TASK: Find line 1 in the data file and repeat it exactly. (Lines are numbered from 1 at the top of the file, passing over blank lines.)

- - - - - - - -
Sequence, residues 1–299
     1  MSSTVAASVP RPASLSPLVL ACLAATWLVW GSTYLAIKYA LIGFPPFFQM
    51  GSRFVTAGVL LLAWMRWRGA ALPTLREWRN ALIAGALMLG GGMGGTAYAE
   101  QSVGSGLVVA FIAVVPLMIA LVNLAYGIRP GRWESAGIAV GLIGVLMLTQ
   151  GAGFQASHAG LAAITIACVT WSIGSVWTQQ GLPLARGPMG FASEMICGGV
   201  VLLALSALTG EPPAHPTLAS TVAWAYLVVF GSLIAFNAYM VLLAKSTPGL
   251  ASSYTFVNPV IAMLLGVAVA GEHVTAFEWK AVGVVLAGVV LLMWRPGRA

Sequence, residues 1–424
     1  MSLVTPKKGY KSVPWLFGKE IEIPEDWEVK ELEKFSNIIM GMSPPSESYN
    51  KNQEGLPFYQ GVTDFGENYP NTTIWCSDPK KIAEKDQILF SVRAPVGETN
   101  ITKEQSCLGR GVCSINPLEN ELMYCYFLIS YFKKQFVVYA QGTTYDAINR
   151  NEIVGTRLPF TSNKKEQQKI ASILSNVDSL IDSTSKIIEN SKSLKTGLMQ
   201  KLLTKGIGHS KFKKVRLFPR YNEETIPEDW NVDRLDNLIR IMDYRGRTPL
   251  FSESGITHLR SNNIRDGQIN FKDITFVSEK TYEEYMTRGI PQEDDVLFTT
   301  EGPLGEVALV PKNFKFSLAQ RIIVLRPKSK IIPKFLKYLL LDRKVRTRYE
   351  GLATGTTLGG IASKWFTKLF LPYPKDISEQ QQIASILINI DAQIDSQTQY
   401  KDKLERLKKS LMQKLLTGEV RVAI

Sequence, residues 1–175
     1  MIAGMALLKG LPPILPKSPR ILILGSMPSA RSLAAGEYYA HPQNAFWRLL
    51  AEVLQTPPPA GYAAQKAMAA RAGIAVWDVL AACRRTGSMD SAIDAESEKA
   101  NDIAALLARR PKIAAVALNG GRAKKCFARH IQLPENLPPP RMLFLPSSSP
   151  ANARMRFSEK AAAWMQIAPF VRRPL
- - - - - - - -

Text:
Sequence, residues 1–299